Comics

Transformers: First Strike – Comic Review

Another crossover event instalment woo but I mean come on, in all seriousness, even by IDW’s usually high standards this one is starting to drag a little now. Ah well, back into the Cybertronian outback we go.

Kup, Arcee, Action Man and Mayday are on the trail of the errant Centurion, his prisoner Garrison Blackrock and the deadly duo of Colditz and one of the Red Shadow bio-ninjas, themselves en route to meet up with psychotic Big Bad Garrison Kreiger. To say this issue pads out what is literally a single encounter would be doing padding a favour, but at least when things do start blowing up it manages to stay entertaining.

Framed by the same talking heads device that the whole First Strike event has used thus far is starting to nag without any context to link these vox pops together – not to mention the fact showing us our players clearly after the events of the crossover removes all threat to them during the real-time events we’re seeing.

There’s some engaging character work in the midst of all this, with Kup feeling left out as Action Man starts tagging along with Arcee, whom he now appears to have a crush on in the most ill-advised romance this side of a leather-studded kiss in the sand. IDW’s Arcee is a no-bullshit warrior woman, a refreshing reboot given her diversity-appeasing origins in Transformers: The Movie. The ’86 animated masterpiece, not the Bay debacles. She’s in those as a motorbike or something. I don’t know. It made me sleepy.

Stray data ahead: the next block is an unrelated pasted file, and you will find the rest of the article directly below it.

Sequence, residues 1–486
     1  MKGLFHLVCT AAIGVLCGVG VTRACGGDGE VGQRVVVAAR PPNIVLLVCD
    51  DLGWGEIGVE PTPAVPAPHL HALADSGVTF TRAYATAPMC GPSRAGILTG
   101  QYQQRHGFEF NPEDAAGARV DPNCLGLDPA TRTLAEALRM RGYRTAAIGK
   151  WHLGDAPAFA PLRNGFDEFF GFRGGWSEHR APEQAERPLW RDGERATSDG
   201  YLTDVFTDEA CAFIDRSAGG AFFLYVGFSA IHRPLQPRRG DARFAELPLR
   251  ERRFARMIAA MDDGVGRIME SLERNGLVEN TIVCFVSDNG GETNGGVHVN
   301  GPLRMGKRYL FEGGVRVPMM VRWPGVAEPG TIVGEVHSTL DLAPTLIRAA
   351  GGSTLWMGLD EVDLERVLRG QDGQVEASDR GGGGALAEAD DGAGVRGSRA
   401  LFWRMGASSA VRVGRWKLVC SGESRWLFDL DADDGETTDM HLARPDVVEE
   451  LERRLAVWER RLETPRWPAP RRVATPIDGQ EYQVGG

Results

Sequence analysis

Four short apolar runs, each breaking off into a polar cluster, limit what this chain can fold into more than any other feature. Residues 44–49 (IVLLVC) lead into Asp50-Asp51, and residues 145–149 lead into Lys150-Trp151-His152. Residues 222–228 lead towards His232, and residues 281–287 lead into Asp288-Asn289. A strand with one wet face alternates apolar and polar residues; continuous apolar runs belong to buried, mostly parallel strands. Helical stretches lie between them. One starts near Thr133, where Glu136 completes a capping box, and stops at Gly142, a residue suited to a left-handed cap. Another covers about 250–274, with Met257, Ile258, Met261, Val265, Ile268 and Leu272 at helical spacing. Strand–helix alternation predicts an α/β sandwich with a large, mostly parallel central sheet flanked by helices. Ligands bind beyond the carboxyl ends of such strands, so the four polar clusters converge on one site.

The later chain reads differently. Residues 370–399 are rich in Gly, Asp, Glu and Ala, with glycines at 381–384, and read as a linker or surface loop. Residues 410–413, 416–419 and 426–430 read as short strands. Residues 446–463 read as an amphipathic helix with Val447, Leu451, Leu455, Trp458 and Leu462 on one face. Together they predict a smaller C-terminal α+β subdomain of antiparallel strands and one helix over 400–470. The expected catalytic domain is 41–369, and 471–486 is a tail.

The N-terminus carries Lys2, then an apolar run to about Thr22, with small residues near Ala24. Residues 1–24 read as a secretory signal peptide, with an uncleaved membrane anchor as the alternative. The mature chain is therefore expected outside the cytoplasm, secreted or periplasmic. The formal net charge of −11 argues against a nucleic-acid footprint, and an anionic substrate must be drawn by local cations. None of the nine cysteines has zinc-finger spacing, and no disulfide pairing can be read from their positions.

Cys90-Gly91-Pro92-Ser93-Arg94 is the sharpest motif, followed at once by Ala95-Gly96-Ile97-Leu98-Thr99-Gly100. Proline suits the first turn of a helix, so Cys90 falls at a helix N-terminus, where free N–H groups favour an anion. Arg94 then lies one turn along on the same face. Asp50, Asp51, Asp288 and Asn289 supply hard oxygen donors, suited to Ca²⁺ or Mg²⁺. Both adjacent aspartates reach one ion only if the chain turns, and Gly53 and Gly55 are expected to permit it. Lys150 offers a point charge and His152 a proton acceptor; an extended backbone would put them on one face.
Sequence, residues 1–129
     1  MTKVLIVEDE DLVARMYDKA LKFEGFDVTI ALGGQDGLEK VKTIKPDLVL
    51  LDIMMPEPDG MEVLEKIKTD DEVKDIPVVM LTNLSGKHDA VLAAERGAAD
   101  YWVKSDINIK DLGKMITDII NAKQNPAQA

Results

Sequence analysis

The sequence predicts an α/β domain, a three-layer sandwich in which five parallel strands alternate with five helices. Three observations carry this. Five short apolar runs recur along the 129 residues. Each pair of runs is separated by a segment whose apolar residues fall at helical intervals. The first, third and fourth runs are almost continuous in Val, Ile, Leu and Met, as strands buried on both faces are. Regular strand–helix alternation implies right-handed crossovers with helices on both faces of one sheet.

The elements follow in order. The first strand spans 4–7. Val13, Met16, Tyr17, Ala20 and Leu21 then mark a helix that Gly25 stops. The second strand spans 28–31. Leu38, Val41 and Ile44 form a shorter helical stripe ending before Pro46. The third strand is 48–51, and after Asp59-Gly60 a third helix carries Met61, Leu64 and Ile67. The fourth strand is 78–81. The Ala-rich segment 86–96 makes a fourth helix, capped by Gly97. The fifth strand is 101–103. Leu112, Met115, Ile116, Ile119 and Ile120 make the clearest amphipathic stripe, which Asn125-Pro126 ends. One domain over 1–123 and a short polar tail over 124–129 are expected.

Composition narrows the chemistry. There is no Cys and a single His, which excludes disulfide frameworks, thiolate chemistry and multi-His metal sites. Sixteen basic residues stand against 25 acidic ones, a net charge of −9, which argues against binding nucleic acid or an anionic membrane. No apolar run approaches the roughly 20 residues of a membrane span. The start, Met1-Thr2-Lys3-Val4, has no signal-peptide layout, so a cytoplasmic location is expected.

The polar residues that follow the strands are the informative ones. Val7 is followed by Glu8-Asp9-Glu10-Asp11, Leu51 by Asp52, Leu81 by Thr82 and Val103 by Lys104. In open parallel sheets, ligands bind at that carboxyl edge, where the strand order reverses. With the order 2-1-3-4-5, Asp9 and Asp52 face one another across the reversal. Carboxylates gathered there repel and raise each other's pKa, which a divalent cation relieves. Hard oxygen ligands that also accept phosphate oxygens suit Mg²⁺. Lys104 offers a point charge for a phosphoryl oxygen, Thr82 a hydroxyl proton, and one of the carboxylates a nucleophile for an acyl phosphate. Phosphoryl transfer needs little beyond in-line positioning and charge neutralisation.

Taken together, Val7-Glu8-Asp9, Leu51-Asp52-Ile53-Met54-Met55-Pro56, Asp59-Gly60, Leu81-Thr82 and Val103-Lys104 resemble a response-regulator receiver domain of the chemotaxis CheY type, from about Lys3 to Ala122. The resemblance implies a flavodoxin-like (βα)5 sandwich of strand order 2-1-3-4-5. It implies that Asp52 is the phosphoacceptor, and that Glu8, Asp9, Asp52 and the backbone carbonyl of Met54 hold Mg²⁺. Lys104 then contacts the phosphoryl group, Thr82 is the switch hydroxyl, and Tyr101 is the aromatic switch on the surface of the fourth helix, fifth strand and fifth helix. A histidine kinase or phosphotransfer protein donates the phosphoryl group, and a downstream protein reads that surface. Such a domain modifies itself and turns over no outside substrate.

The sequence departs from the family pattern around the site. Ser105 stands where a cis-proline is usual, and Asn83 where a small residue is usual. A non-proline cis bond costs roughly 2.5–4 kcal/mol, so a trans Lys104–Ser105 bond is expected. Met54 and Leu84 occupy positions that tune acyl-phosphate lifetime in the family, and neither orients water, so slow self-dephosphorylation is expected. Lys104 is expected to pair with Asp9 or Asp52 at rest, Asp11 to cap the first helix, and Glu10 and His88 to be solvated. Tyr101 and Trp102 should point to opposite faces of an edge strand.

Kup’s crew get jumped by some robo-ninjas but make short work of them, while Centurion opens up to Blackrock about his apparent betrayal. He recounts memories that still seem jumbled, as the competing psyches of an ancient Transformer and a human cyborg mix and swirl together, before Kup and Arcee surprise the villainous encampment.

In the scuffle that follows, Centurion lets loose a wave of devastating energy, revealing he’s been fused with the Talisman, an artefact of immense power that Kreiger coveted and manipulated Centurion into using for him. Colditz realises this was Kreiger’s play – keep the destructive force of Centurion away from the battle in central Cybertron – and makes a break for the shadows.

Action Man and Mayday capture Colditz, but the bounty hunter throws himself on their mercy, furiois that Kreiger played him along with the others. As Centurion’s power storm rages out of control, vapourising Kup’s hand and the remaining Red Shadows, Blackrock stops Arcee from killing Centurion before managing to get through to the personality underneath the chaos, pleading with Mike Power to take control of the Talisman’s power.

Centurion goes into stasis lock – the Transformer equivalent of a coma – and the danger passes for now. The gang gather up Colditz (who is totally about to pull the old “I’m loyal to you guys now because the Big Bad crossed me, honest”) and the deactivated Centurion and head back to help their friends, with another set of vignettes showing the growing sense of trust between the allies.

There’s not much to say about this, unfortunately – as well as frequent callbacks to backstory that may well be unfamiliar to many readers, what we have is the B plot to a more interesting story stretched out to fill a whole issue. Despite a few bright spots of character work, you can safely skip this and not lose any momentum of the primary First Strike storyline. This always becomes the issue with crossover events that boast massive casts – when trying to give everybody something to do, you often end up giving them nothing to do.

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